Virtue is a word I don't hear much anymore. It was a staple in classical Greek and Roman philosophy, which we had to study in the seminary. It was also prominent in our foundations of moral theology courses.
The very word itself, coming from the Latin, implies strength. In this context, strength for living a morally good life.
A number of virtues seem to be in short supply in our contemporary American culture, but I would like to focus on one that I think is in very short supply yet very necessary if we are to have a truly free and democratic society — civility.
In our day it is very easy to find examples of the language of incivility on the radio and the television. How many talk shows seem to find representatives from the two extremes "to debate"? Ye, in reality, it is not a debate at the truth of the issues but more often an opportunity for name-calling and shouting at each other. The winner is perceived to be the one who shouted the loudest not the truth. Truth seems to be what suffers most in the language of incivility.
The language of civility would suggest that each side look for the good (another forgotten concept) in what the other is saying and be respectful of the differences. I wonder what this would do to the ratings of these types of programs.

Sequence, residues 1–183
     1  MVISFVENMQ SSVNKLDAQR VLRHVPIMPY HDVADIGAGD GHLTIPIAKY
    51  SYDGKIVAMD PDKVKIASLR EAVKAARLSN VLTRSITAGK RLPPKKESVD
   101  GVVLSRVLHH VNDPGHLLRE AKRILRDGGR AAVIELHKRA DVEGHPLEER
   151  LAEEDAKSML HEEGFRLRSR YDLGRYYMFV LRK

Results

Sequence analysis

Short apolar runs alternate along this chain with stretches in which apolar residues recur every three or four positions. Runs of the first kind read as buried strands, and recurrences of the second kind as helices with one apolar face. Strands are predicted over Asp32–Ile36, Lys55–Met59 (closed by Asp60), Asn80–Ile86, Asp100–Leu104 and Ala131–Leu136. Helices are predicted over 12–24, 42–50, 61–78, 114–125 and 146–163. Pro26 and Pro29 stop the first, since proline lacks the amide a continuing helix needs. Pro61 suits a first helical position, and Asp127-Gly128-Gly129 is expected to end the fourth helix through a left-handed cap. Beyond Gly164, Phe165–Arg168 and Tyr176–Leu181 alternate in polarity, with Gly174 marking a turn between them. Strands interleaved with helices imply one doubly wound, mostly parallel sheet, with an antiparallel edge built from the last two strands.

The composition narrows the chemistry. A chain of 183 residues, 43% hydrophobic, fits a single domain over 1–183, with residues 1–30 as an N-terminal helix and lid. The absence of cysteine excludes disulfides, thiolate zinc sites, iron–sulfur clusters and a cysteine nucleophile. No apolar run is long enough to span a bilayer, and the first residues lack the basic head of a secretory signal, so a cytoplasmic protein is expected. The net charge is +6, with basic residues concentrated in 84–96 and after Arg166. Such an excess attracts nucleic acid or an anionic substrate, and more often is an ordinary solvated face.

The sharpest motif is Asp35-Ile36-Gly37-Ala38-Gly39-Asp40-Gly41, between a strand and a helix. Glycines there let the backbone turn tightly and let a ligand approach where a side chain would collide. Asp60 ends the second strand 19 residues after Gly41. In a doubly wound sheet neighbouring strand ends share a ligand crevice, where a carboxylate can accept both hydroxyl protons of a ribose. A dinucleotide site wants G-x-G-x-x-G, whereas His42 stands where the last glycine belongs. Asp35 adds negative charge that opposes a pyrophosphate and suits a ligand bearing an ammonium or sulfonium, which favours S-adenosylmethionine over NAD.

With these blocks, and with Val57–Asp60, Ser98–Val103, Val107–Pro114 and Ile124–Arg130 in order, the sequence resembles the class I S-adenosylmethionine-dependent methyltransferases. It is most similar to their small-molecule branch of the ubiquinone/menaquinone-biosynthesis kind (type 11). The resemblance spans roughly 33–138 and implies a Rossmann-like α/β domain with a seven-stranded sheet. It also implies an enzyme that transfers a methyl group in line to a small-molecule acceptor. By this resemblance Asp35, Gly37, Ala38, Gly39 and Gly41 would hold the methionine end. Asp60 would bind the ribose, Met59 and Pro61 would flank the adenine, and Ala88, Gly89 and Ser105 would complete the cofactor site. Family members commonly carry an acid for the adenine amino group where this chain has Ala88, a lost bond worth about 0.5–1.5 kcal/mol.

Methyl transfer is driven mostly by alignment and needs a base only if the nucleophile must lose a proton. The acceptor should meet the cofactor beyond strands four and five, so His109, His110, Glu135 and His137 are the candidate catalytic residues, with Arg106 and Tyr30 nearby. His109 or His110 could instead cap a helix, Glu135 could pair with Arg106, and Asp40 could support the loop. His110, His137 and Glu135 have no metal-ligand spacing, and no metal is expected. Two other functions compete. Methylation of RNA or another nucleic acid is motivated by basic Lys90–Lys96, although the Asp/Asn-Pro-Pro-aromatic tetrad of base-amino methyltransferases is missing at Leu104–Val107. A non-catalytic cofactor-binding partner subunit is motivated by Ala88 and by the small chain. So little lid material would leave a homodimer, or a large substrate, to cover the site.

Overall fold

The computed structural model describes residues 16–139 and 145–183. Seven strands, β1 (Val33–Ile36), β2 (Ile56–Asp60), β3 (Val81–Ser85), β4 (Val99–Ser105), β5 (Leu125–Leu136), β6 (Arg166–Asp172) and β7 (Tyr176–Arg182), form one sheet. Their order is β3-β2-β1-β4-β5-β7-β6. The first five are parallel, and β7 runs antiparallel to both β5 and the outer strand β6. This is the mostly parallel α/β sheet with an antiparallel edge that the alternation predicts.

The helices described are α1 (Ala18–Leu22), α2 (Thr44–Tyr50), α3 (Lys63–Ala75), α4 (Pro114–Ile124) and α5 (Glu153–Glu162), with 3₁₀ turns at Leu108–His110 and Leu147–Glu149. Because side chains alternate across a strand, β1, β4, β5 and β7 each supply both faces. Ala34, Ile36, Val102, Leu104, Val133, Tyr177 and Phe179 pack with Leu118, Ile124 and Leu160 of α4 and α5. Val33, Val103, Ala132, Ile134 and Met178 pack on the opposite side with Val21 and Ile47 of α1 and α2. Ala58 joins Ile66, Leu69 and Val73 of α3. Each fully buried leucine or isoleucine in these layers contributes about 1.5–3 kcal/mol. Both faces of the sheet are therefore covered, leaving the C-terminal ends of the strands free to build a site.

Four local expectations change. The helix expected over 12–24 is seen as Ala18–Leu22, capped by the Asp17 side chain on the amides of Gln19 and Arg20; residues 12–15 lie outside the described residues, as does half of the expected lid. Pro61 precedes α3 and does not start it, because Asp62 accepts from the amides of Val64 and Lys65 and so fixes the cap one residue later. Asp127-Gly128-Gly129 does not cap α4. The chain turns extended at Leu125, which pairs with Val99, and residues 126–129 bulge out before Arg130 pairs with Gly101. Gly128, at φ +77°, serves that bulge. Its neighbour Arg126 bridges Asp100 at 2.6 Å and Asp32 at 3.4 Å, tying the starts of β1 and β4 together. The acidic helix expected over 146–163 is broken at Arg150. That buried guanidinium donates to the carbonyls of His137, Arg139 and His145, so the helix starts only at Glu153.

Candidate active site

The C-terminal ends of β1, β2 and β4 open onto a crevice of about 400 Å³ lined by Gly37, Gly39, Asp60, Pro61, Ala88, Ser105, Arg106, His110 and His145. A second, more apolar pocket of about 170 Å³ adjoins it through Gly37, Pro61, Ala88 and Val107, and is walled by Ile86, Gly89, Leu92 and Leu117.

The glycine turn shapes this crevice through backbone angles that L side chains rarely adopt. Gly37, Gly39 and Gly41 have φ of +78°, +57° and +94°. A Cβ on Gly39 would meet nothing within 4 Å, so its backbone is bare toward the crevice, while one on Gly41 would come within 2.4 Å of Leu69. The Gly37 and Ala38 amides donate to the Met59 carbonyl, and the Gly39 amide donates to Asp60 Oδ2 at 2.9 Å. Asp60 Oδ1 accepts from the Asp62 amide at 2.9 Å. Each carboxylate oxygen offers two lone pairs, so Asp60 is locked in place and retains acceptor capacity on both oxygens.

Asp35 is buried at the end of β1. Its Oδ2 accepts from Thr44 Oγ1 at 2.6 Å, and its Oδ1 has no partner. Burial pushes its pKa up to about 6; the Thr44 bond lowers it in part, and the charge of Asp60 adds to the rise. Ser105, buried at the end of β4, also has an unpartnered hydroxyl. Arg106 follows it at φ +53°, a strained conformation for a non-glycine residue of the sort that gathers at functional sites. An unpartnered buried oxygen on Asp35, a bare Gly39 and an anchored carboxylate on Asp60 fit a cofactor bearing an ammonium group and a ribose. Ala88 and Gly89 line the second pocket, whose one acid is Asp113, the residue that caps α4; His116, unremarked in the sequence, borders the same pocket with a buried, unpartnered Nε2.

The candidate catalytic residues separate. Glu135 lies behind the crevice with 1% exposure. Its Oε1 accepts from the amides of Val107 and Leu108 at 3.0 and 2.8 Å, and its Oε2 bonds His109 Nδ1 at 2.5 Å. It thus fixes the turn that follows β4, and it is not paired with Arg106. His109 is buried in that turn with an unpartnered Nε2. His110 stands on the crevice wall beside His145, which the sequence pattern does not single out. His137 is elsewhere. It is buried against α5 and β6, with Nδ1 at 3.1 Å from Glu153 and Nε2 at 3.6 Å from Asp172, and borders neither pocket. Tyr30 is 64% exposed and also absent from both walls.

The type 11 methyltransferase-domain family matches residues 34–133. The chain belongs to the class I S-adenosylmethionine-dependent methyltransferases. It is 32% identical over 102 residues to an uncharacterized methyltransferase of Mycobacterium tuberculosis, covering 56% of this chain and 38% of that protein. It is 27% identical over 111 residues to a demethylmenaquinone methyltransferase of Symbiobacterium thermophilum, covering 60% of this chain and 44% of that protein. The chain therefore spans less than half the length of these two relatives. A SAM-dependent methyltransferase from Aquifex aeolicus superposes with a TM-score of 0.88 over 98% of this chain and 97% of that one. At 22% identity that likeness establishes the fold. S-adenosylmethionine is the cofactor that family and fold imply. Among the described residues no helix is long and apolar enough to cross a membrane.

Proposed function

The virtue of civility implies a respect (maybe another forgotten concept) for the other as being created in the image and likeness of God. If we believe this then we cannot give pejorative labels to people just because they are different in some aspects from us. Most religions of the world contain in one form or another the injunction "Do unto others as you would have done unto you." In the book "The Little Monk" by Madeline Delbrel, a collection of sayings about life, one struck me as I was preparing to write this column: "When certain people question your character, don't respond by doubting theirs."
While standing in line at the supermarket, one can see another example of where the lack of civility has led us. We have gone from "People" to "Us" to "Self." Even just a few years back, who would have thought that "selfie" would become a normal part of our vocabulary?
While in a funeral procession recently, someone coming down an on ramp on Highway 153 tried to cut in between the hearse and my car. Obviously, where they were going was more important than the few minutes it would take to show respect for the deceased person on their way to be buried. This whole "me first, it's all about me" mentality is so contrary to the virtue of civility, and I believe detrimental to our being able to live in a harmonious community.
I hope I have kept a civil tongue in my head while writing this article.
Monsignor Al Humbrecht has served two of the diocese's biggest parishes. He was pastor of Our Lady of Perpetual Help in Chattanooga from 1987 to 1997, and he became the fifth pastor of Sacred Heart Cathedral in 1997. In 2010, he was named pastor of Holy Spirit in Soddy-Daisy.